Organic EL Elements 1-2 to 1-16 were prepared in the same manner as Organic EL Element 1-1 except that BC was replaced with the organic EL materials shown in Table 1 to form a hole blocking layer. The structures of the compounds used above and in Table 1 are shown below:

Evaluation of Organic EL Elements 1-1 to 1-16

The Organic EL Elements 1-1 to 1-16 obtained as above were evaluated as follows, and the results were shown in Table 1.

(Luminance)

Luminance (cd/m2) was measured by using a spectroradiometer CS-1000 produced by Minolta Inc.

(External Quantum Efficiency)

Electric current of 2.5 mA/cm2 was supplied to each organic EL element at 23° C. in a dry nitrogen atmosphere, and the external quantum efficiency (%) of each sample was measured. The external quantum efficiency (%) was calculated from the date obtained by using a spectroradiometer CS-1000 produced by Minolta Inc.

(Emission Life)

A period in which an initial emission intensity of an organic EL element decreased to half of it was defined as a half-life period (τ 0.5) and used as an index of the life of an organic EL element, the emission intensity being measured by supplying a constant electric current of 2.5 mA/cm2 at 23° C. in a dry nitrogen atmosphere. A spectroradiometer CS-1000 produced by Minolta Inc. was used for the measurement.

In Table 1, the luminance, external quantum efficiency and emission life were expressed by relative values when each of the luminance, external quantum efficiency and emission life of Organic EL Element 1-1 was set to 100.

TABLE 1
External
Quantum- Emission
Organic Hole Blocking Luminance Efficiency Life
EL Material (Relative (Relative (Relative Re-
Element Compound HOMO LUMO Value %) Value %) Value %) marks
1-1 BC −5.8 −1.3 100 100 100 Comp.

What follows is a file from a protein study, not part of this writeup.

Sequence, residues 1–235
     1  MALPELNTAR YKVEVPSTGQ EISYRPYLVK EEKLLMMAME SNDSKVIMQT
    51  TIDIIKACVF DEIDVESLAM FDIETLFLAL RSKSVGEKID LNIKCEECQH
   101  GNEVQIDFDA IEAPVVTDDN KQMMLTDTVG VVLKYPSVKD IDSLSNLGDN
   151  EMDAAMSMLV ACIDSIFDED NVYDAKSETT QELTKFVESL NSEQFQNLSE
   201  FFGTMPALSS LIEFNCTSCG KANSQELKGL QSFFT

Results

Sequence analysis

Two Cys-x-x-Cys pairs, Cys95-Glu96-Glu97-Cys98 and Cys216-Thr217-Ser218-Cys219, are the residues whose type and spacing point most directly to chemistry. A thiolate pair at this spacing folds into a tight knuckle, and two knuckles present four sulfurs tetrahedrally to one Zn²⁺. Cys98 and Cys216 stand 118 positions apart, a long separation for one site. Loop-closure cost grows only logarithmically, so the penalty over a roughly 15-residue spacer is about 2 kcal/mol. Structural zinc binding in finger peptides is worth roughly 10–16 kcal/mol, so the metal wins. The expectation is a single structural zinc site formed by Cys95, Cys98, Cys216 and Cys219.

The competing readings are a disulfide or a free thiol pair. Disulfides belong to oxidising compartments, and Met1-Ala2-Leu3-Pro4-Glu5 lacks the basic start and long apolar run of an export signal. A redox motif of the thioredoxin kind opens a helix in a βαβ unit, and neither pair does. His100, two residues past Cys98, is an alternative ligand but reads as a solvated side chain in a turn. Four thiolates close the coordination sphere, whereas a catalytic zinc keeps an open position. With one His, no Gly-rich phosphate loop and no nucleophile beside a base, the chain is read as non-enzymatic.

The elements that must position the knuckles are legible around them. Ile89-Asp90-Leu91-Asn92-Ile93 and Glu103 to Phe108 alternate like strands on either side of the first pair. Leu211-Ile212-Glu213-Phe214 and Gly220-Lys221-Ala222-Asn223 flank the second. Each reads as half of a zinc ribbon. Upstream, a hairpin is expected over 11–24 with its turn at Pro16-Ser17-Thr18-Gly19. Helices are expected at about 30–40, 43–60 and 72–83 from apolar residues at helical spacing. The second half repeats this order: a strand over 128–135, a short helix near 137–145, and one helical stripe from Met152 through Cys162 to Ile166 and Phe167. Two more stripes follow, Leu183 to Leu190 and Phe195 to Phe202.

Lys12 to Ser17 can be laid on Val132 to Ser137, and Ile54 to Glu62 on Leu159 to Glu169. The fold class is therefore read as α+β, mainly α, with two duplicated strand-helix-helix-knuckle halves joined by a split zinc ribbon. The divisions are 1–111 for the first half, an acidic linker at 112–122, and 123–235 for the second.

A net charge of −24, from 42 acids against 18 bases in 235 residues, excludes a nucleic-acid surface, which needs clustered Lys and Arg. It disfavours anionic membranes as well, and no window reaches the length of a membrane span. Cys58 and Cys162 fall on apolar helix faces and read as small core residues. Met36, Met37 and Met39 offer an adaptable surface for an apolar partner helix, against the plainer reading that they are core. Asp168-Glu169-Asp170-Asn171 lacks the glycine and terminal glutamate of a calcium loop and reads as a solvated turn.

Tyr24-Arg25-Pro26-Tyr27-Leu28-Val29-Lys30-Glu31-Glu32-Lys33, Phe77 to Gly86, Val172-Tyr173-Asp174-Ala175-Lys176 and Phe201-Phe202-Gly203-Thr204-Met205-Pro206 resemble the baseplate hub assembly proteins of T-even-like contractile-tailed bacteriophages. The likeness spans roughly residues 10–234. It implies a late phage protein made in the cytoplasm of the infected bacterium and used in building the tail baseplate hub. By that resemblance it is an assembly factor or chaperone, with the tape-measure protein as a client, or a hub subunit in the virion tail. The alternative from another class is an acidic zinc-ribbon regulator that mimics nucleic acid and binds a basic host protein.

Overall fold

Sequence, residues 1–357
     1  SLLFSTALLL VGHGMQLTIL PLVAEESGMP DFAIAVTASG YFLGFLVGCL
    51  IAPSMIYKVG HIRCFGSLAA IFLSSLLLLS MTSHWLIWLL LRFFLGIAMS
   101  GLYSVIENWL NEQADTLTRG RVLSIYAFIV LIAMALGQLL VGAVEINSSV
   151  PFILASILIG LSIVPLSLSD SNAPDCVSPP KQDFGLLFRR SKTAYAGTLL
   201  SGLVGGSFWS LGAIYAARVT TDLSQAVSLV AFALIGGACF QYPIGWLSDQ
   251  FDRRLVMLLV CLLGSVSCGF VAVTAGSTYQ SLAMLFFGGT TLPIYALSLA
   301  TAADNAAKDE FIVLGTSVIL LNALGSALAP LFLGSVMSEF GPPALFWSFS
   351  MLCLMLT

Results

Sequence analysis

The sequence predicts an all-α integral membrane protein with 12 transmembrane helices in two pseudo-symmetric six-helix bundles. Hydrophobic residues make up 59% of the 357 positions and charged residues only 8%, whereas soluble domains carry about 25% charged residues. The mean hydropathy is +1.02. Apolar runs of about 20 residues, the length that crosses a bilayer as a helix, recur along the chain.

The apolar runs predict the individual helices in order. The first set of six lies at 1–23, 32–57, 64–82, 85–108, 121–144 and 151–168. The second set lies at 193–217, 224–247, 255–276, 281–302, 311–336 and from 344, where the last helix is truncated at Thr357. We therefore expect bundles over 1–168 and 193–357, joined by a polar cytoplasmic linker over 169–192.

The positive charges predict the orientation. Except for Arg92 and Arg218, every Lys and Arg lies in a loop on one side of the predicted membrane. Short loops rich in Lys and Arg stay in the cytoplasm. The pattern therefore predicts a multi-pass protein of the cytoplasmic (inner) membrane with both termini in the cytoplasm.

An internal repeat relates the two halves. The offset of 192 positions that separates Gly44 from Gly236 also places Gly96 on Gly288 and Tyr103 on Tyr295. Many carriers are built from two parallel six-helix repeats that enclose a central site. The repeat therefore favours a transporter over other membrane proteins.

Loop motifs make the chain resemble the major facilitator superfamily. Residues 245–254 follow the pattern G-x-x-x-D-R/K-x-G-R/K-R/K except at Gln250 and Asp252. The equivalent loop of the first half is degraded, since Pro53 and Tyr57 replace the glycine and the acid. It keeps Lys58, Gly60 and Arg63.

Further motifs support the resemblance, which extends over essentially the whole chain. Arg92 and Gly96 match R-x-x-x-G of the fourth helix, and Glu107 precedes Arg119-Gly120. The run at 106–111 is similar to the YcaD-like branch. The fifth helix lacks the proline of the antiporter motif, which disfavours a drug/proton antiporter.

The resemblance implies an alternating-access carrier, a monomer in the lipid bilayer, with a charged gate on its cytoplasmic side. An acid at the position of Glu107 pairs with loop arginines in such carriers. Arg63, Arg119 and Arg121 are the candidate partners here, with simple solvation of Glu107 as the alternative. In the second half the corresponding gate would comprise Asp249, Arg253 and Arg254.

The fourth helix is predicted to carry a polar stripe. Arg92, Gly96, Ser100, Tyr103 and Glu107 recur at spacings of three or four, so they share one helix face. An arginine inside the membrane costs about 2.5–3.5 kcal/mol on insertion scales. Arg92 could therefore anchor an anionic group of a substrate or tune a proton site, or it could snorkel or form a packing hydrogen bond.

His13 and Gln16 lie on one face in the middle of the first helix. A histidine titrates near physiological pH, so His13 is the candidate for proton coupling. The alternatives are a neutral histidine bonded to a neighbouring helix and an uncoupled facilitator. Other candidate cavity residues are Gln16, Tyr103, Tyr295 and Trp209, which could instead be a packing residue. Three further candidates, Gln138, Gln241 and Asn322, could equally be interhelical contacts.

1-2 Pf-7y −7.1 −2.2 121 120 113 Comp.
1-3 TPBI −5.7 −1.2 118 118 150 Comp.
1-4 BAlq −5.1 −1.4 76 72 667 Comp.
1-5 Cz1 −5.6 −1.7 97 97 83 Comp.
1-6 Cz2 −5.5 −2.0 95 94 90 Comp.
1-7 TABI −6.8 −2.5 115 116 95 Comp.
1-8 30 −6.1 −1.8 151 152 874 Inv.
1-9 31 −6.2 −1.9 148 146 852 Inv.
1-10  43 −6.5 −2.1 143 145 832 Inv.
1-11  45 −5.8 −1.3 138 141 755 Inv.
1-12  47 −6.6 −1.9 148 150 792 Inv.
1-13  48 −6.8 −2.3 144 145 775 Inv.
1-14  49 −6.0 −1.6 152 157 810 Inv.
1-15  53 −5.9 −1.5 139 137 712 Inv.
1-16  57 −6.3 −1.8 149 150 825 Inv.
Inv.: Inventive Sample, Comp.: Comparative Sample

Table 1 revealed that the organic EL elements of the present invention exhibited excellent luminance, external quantum efficiency as well as long life.

Example 2 Preparation of Organic EL Elements 2-1 to 14

A pattern was formed on a substrate (100 mm×100 mm×1.1 mm) composed of a glass plate and a 100 nm ITO (indium tin oxide) layer (NA45 manufactured by NH Technoglass Co., Ltd.) as an anode. Then the resulting transparent substrate having the ITO transparent electrode was subjected to ultrasonic washing in i-propyl alcohol and dried with a dry nitrogen gas and subjected to UV-ozone cleaning for 5 minutes. Thus obtained transparent substrate was fixed on a substrate holder of a vacuum deposition apparatus available on the market. Further, 200 mg of m-MTDATXA was placed in a first resistive heating molybdenum boat, 200 mg of ACZ-1 was put in a second resistive heating molybdenum boat, 200 mg of bathocuproine (BC) was placed in a third resistive heating molybdenum boat, 100 mg of Ir-12 was placed in a fourth resistive heating molybdenum boat, and 200 mg of Alq3 was placed in a fifth resistive heating molybdenum boat, and then fixed in the vacuum deposition apparatus.